The Reverend Jim Jones will always be remembered as the Ukiah-based cult leader who led 909 followers to their deaths in Jonestown, Guyana, having them drink from vats of poisoned Kool-Aid. Yet Jones, who established a branch of his Peoples Temple church in San Francisco shortly before the infamous 1978 death trip, had supporters outside his congregation — among them, some of The City’s most respected leaders.
In 1976, then-mayor George Moscone appointed him, briefly, to The City’s Housing Authority Commission, perhaps in recognition of the enigmatic reverend’s generous contributions and outspoken support. That same year, an up-and-coming state assemblyman, Willie Brown, was effusive in his praise of Jones, calling him “a leader with tremendous character and integrity.” Years later, Brown defended his position, arguing that the Messiah from Ukiah, as he was dubbed in 1972 by Examiner religion writer Les Kinsolving, masked his madness convincingly.
Stanley Nelson’s new documentary, “Jonestown: The Life and Death of Peoples Temple” (now playing at the Lumiere in San Francisco), examines that madness, as depicted in rare video footage and described by survivors, but also the lofty ideals and seeminglyprogressive spirituality that attracted so many loyalists to the congregation. Nelson, a 2002 MacArthur Fellow and Emmy winner, admits he didn’t know much about Jones before embracing the project. But a series of 2003 radio interviews with former Peoples Temple members piqued his curiosity.
“When I started this film three years ago, I knew what most people knew — that roughly 900 people followed this madman and committed suicide,” Nelson said. “What got me interested in the story was what I heard around the time of the 25th anniversary, when some of the survivors told their story. They talked about the only time they had ever lived in an integrated community, the only time they had lived out their ideals. They still talked about Peoples Temple with a great deal of love, and they all sounded so sane.”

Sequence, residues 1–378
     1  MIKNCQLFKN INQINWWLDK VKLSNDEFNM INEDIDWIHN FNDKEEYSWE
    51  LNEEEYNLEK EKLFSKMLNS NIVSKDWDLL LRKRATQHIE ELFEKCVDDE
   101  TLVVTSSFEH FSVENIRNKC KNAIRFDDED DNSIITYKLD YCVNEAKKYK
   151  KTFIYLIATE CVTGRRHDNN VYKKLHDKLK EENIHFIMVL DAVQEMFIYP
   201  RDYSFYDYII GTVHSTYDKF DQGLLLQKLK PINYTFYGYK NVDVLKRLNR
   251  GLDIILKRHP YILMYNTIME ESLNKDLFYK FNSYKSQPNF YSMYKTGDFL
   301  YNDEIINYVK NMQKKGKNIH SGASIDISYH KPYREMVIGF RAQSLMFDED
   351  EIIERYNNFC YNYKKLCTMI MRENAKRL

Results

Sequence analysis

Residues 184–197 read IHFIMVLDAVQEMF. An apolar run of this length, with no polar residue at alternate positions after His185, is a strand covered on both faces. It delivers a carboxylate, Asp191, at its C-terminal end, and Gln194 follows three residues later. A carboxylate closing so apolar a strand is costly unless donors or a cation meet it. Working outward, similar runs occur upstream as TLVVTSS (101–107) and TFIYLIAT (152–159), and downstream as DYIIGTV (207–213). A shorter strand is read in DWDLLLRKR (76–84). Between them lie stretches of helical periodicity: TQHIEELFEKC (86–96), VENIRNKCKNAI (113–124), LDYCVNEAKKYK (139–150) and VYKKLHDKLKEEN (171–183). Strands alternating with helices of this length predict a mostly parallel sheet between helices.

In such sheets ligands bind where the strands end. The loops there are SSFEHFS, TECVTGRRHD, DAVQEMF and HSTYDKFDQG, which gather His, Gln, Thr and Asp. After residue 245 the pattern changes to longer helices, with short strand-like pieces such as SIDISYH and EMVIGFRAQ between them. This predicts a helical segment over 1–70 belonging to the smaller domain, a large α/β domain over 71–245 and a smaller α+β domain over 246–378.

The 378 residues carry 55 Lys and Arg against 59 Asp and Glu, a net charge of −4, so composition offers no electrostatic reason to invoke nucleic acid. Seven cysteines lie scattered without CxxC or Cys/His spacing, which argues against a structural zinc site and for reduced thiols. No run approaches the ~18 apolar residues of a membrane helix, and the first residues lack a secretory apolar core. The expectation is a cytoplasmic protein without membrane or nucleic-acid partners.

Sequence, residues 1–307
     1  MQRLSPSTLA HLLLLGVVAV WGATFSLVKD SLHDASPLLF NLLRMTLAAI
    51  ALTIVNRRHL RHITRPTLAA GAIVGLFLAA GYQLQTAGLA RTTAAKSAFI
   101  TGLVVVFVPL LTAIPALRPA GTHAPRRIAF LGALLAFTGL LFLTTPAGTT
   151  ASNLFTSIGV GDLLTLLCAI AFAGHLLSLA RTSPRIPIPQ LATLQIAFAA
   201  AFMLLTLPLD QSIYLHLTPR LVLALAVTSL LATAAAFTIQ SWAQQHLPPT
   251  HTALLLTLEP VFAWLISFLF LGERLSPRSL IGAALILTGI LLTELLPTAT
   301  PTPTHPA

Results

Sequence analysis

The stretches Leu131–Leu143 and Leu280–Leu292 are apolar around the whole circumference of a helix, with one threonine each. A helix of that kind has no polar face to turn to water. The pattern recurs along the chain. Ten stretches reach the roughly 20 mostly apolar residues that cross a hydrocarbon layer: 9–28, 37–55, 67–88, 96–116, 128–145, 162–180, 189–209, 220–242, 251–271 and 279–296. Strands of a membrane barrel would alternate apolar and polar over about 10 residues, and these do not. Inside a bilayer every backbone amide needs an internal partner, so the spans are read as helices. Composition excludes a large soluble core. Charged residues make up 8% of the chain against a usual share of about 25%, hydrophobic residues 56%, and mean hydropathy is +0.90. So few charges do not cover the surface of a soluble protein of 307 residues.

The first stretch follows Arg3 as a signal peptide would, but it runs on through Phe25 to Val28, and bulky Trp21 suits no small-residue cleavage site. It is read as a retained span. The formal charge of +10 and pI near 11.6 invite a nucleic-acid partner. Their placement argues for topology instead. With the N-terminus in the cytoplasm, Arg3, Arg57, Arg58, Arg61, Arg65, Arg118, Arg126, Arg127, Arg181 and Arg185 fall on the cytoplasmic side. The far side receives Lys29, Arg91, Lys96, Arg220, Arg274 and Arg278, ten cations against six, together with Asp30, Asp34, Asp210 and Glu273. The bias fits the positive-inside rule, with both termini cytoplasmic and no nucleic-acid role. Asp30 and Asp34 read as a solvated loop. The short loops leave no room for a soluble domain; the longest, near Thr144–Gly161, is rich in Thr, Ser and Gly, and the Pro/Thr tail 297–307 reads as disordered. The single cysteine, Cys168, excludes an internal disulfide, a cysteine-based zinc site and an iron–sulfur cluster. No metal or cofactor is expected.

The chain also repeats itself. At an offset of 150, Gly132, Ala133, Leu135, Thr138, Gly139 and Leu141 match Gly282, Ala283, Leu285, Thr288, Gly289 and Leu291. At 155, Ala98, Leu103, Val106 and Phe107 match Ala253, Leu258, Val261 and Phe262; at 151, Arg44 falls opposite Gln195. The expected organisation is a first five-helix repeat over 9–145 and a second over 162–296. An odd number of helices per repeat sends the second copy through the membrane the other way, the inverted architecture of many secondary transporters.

Was that what kept them from leaving Jonestown sooner than they did, before members of their families could be persuaded to kill themselves at Jones’s command? Nelson needed to know.
“Clearly, Jones gave people something that they wanted,” he said. “Even Hitler, as awful as he was, gave the German people something they wanted, at least early on. Obviously, [Jones] made them want to stay. He had a fascinating ability to attract such a diverse group of followers, so he had to offer different things to different people. For older people, black and white, he promised to take care of them better than social services ever would. And they would be part of a family. For others, he invited them to be part of a spiritual movement to change the world — and they didn’t think they were joining a cult.”
Problem was, they were joining a man who hid his madness, evident even in childhood, behind fiery sermons and promises of a groundbreaking utopian community. But the tragedy that unfolded could have been avoided, Nelson said, if opposing voices had made themselves heard.
“There is a lesson in the film that’s applicable to wherewe are today,” he said. “Jonestown didn’t happen quickly. It was a series of little things, and nobody stood up tp say, ‘This is wrong.’ The people who walked into that church the first time, smiling and singing, gradually changed and became trapped. It was a series of cuts and compromises. They didn’t happen overnight, and not enough people raised their voices in protest.”